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  • bc August 27, 2009 at 6:54 pm

    often times, people who refuse to show ID have a reason they don’t want to…they are possibly criminals with warrants. Just because you don’t think you “look” like a criminal…well, we all know that’s not enough for someone, an officer, to rely on. Plenty of people don’t “look” like criminals.
    it’s pretty standard then, for an officer to think of their safety, and until they can get the ID, handcuff the person. There have obviously, throughout history, been situations where the person who won’t show ID has injured or killed an officer. So, in that sense, I don’t see anything wrong. This whole thing just seems like self-righteousness to me by the cyclist, and blown out of proportion.

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  • Dana August 27, 2009 at 7:02 pm

    The question is: why didn’t she show her ID?

    Because she was hiding something… probably not.

    Because she wanted to be difficult… probably so.

    Seriously though, what was her reasoning for not just giving him her ID? I bet cops have to deal with some crappy situations all day and the last thing they want is some woman on a bike giving him a hard time about showing him her ID.

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  • bicycletothesun August 27, 2009 at 7:12 pm

    I’m going to Flint and Broadway tonight and running this exact stop sign.

    Wish me luck!

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  • old&slow August 27, 2009 at 7:20 pm

    The more I read the article and the comments here, the more I think that cyclists, or at least the ones who post here are just asking for abuse from the police. This stop sign and intersection has been targeted a number of times. It is a dangerous intersection. Do the cops have more important things to do? Of course. Should cyclists run this sign? Not if you don’t want to get right hooked 50 feet later. The person was being an a-hole, just give them your name, WTF? A minor incident raised to a level it doesn’t deserve.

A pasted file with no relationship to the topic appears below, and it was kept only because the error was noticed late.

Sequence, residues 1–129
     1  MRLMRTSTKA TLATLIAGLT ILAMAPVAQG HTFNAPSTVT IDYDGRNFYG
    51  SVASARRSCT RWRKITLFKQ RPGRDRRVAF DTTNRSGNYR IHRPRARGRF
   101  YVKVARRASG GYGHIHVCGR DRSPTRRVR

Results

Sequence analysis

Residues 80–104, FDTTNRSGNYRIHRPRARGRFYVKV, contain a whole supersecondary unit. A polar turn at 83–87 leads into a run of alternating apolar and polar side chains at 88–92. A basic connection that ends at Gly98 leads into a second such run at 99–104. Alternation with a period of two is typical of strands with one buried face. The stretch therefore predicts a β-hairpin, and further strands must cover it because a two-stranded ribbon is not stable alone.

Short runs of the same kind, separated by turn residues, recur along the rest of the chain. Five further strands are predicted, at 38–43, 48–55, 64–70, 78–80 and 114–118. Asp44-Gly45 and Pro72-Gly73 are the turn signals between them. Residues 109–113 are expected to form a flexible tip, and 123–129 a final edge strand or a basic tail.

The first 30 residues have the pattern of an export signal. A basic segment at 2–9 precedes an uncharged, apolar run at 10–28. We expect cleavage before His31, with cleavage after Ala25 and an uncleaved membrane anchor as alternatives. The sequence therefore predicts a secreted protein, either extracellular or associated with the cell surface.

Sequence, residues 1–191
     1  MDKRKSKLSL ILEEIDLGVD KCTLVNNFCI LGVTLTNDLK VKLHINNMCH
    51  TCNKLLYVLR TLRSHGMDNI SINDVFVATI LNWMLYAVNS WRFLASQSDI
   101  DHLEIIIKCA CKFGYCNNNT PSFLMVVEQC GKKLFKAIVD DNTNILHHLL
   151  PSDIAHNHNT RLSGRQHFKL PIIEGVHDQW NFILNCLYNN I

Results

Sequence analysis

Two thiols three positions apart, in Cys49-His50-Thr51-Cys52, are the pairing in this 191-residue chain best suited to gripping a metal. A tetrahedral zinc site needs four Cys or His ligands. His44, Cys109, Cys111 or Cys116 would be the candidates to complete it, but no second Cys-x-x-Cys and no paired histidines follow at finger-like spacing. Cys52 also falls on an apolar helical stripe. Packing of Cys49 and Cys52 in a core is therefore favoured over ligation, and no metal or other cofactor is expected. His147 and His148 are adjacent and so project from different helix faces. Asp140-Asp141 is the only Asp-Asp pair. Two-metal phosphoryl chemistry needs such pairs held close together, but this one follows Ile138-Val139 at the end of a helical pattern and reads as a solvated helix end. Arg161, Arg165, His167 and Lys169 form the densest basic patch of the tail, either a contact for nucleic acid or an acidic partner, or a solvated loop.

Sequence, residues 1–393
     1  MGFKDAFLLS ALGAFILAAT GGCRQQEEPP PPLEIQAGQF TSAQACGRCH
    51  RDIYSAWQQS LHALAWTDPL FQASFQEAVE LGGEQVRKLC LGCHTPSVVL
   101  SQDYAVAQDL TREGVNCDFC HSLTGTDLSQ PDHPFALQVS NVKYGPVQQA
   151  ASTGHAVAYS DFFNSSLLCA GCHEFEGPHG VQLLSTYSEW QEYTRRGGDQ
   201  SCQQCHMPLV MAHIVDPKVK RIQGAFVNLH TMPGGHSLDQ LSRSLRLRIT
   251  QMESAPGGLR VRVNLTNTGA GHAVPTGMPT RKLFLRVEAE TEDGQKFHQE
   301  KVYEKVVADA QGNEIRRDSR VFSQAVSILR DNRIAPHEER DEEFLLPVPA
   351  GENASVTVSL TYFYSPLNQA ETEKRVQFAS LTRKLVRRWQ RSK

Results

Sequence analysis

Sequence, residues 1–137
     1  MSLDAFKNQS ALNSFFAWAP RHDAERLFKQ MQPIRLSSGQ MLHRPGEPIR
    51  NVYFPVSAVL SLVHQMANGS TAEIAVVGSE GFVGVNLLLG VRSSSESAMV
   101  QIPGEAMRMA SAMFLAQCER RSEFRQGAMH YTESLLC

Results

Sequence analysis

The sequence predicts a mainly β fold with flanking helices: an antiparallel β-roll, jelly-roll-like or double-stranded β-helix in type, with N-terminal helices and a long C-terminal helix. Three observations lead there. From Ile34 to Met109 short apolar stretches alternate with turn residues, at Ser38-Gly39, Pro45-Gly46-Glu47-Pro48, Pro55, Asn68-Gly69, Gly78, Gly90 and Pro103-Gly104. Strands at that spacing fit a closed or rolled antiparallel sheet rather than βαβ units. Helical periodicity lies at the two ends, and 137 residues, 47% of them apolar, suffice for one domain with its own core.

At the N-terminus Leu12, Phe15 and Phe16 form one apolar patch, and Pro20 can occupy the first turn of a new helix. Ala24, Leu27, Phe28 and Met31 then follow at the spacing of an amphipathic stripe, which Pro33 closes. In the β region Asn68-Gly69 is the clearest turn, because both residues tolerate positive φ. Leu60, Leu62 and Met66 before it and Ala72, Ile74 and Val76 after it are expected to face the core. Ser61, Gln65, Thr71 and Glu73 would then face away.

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  • Max August 27, 2009 at 7:39 pm

    I ride through this intersection almost every day and I have only once or twice needed to put my foot down. It’s a transition from one bike lane to another, requiring the rider to yield to oncoming bike traffic. The fact that this intersection is such a big deal is a joke. The only problems I’ve ever had are cars refusing to stop and then turning THROUGH the bike lane in front of me. Putting up a sign and enforcing this as a stop isn’t saving any lives, it’s just drumming up bad press for the police.

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  • Max August 27, 2009 at 7:43 pm

    Allow me to clarify in advance my post #43: The only problem that I have had is cars turning from Flint on to Broadway through the bike lane after rolling the stop. I don’t care about the rolling (it should be a yield sign), it’s the fact that they don’t take the turn wide enough to clear the bike lane that irks me. That’s a problem in a lot of bike lanes that follow road curves as well. Drivers just don’t know where the passenger side of their car is often enough.

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  • Tammo August 27, 2009 at 7:58 pm

    This is absurd. The woman was clearly obstructing justice. The officer repeatedly requested her ID, to which her final response was she wants to call a lawyer??? She set herself up for this. The cop called for backup, plausibly because he was so busy he didn’t have time to answer questions about the law that citizens are required to already know. It is not a cop’s duty to inform citizens of their rights until he or she makes an arrest. The woman cannot keep asking a police officer these ridiculous questions during a traffic stop, she must know the law and educate the officer, and only then does she have a legitimate right to complain about her rights being violated. No cop is going to let her make a phone call during a stop, whether she’s on a bike or in a car. She does not have a legitimate complaint. She only made the cop’s job more difficult. The appropriate time to inquire about the law is before breaking it! Know your rights. Don’t wait until you are about to be stripped of them.

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  • buglas August 27, 2009 at 8:13 pm

    It’s not about whether the word “sting” was used appropriately.

    It’s not about whether there should be a stop sign at that intersection.

    It’s about a police officer being a bully.

    Should I ever have dealings with a police officer while riding my bike:
    If asked for my name I will promptly and politely respond with name, address, birthdate, and even my driver’s license number.
    If asked to produce my driver’s license I will politely and steadfastly refuse. This is absolutely in line with attorney Ginsberg’s statements above.